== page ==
Why Are Gun Companies Losing Payroll Services? Cruz Investigation Finds Underlying Culprit

JPMorgan Chase admitted to pressuring the financial software company Intuit into preventing gun sellers from using the company’s payment processing services, according to a letter Sen. Ted Cruz sent Monday after looking into the policy. Bank of America, meanwhile, denied pressuring Intuit into banning gun manufacturers from using its famous QuickBooks software.

“Woke big banks are increasingly weaponizing their power to cut off law-abiding businesses from accessing banking services,” Cruz, R-Texas, told The Daily Signal in an email statement Monday.

“The American people and small businesses must be protected from this discriminatory overreach,” Cruz added. “We cannot allow giant corporations to get away with punishing customers who do not fall in line with the Left’s political whims and leanings.”

Intuit, the financial software company best known for producing QuickBooks, had adopted an acceptable use policy previously listing “guns and firearm manufacturing” as one of the business types prohibited from using payroll services. Intuit also listed “firearms and weapons sales” as a business type prohibited from using payment processing services.

Intuit removed its prohibitions on payroll and payment processing for gun manufacturers and firearm sellers Aug. 1, following Cruz’s investigation of the company. The Texas Republican thanked Inuit in his letter Monday.

Cruz learned about the issue after Intuit withdrew its services from Dawson Precision, a Texas company that manufactures firearm parts. Intuit gave Dawson Precision no warning and simply refused to process payroll. Intuit later notified Dawson Precision that the software company had canceled the manufacturer’s account because Intuit’s acceptable use policy excluded firearm manufacturers.

When Dawson Precision explained that it manufactures only parts for firearms, not firearms themselves, Intuit directed the company to lodge a complaint with a third party that had flagged it. The third party didn’t respond to Dawson Precision’s attempts to appeal the decision.

Intuit also stopped processing credit card payments for the Arizona company Gunsite Academy, citing Intuit’s ban on companies that engage in gun sales that aren’t face to face. After Gunsite Academy explained that it legally shipped firearms to local dealers rather than directly to consumers, Intuit refused to reverse the decision.

When Cruz’s staff approached Intuit about its firearm policies, the company said its banking partners, JPMorgan Chase and Bank of America, demanded the policies. Specifically, Intuit said Bank of America required it to prohibit gun manufacturers from using QuickBooks and JPMorgan required Intuit to prohibit gun sellers from doing so.

JPMorgan admitted its role in the policy, but Bank of America denied that it ever gave Intuit any instructions about firearm companies.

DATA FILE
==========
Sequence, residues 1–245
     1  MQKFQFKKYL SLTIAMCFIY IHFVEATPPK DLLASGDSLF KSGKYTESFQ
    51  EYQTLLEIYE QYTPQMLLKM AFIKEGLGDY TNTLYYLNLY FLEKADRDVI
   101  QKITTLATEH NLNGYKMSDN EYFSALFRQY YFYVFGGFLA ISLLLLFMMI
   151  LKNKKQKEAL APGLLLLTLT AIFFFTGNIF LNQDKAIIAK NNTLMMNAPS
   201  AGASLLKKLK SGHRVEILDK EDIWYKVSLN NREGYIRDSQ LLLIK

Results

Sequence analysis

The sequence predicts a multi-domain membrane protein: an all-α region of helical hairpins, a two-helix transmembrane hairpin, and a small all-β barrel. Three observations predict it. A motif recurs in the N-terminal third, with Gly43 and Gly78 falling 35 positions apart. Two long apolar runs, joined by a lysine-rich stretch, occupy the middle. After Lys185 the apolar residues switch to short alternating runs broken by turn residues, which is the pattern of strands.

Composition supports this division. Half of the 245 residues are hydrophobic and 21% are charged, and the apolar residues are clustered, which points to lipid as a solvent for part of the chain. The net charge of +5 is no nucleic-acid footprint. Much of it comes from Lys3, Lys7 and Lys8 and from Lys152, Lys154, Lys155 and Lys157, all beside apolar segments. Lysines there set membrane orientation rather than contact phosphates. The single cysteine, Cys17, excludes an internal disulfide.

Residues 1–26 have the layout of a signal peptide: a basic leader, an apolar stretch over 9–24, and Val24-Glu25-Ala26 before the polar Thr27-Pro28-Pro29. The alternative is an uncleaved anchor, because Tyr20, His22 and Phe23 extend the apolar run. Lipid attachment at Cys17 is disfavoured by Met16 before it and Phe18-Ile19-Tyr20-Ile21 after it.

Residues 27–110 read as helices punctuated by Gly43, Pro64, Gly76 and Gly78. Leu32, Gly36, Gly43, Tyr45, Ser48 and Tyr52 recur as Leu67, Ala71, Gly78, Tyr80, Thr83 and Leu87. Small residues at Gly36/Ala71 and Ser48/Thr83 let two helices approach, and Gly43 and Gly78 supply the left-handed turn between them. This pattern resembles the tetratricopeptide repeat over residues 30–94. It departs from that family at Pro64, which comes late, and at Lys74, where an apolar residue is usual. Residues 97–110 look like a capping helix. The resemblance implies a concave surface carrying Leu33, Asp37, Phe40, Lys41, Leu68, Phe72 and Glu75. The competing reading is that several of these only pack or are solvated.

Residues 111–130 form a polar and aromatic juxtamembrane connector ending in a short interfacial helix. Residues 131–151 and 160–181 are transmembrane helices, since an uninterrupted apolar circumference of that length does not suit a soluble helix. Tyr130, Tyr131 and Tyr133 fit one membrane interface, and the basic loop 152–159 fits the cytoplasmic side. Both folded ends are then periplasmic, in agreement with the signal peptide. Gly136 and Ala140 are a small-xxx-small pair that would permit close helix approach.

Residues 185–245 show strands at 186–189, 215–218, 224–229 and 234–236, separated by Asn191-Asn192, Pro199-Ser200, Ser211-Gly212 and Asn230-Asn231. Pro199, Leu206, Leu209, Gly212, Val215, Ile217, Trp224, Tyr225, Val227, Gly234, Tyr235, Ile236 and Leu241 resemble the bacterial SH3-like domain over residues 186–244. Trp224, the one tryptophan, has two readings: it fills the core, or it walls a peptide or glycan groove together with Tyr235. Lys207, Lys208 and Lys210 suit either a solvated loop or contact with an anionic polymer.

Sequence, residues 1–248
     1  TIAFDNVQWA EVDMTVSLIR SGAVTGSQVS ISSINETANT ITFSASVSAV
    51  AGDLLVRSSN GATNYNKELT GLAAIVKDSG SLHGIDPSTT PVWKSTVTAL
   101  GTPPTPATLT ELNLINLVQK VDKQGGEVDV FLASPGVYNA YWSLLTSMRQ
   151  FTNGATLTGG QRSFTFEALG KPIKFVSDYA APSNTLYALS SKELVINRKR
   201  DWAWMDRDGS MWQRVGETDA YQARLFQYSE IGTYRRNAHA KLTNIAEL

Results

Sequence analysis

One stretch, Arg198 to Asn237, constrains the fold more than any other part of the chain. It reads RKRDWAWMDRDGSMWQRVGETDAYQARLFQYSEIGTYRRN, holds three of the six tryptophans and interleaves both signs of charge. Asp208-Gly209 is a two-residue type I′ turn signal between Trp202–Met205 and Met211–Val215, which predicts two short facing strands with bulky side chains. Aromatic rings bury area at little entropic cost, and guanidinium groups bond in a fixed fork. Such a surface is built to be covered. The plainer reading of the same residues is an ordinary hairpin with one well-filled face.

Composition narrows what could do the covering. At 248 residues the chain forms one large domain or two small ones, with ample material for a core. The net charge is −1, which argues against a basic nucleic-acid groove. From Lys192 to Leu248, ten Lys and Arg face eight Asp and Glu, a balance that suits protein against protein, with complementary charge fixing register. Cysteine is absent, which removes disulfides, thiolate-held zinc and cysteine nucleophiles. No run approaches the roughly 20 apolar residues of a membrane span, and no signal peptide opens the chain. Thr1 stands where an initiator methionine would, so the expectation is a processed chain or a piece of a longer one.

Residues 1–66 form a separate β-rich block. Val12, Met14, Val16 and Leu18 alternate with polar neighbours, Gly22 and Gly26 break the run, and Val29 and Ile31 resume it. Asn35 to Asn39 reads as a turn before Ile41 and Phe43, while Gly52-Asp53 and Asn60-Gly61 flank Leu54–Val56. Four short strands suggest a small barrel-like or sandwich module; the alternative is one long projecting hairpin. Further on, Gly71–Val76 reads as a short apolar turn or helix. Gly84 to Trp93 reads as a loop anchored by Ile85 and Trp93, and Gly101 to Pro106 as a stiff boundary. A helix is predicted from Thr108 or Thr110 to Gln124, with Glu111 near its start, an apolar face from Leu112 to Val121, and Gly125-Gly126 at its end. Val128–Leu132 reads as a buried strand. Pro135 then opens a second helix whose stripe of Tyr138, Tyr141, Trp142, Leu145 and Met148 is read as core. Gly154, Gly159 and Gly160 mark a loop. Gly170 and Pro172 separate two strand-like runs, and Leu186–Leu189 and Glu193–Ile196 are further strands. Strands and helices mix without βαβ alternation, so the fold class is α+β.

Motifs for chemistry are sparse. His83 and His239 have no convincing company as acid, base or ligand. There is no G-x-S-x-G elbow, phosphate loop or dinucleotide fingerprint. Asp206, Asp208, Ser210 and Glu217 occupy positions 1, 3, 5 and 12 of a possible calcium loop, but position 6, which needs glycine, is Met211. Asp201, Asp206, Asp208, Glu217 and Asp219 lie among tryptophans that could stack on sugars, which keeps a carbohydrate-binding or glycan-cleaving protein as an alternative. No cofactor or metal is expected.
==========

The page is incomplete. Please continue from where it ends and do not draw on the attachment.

This doesn’t mark JPMorgan’s first foray into cracking down on bank accounts associated with conservative causes.

In May 2022, Chase Bank (a division of JPMorgan Chase) closed an account for the National Committee for Religious Freedom, an organization founded by Sam Brownback, a former Kansas governor and President Donald Trump’s ambassador-at-large for international religious freedom.

Brownback, along with conservative organizations, suggested that Chase closed the account for religious or political reasons, which Chase denied. The bank said it closed the account because it needed more information about donors and recipients than the nonprofit provided.

Chase also closed accounts associated with the Arkansas Family Council and Defense of Liberty in 2021.

The threat that conservatives may face blacklisting from banking services extends beyond JPMorgan Chase.

Far-left groups such as the Southern Poverty Law Center have pressured donor-advised funds to cut off charitable donations to conservative organizations that the SPLC brands “hate groups.” The left-leaning group SumOfUs also pressured Mastercard to refuse to process any credit-card transactions for “hate groups.”

As I explain in my book “Making Hate Pay: The Corruption of the Southern Poverty Law Center,” the SPLC took the program it had used to bankrupt organizations associated with the Ku Klux Klan and weaponized it against conservative groups, partially to scare donors into ponying up cash and partially to silence ideological opponents. In 2019, amid a racial discrimination and sexual harassment scandal that led the SPLC to fire its co-founder, a former employee came forward, calling the “hate” accusations a “highly profitable scam.”

In his letter, Cruz wrote that “Intuit did the right thing regarding its payroll and payment services.”

“I encourage other companies to follow your company’s lead and take note that banning customers from using their products due to political differences is not good business,” the senator’s letter concludes.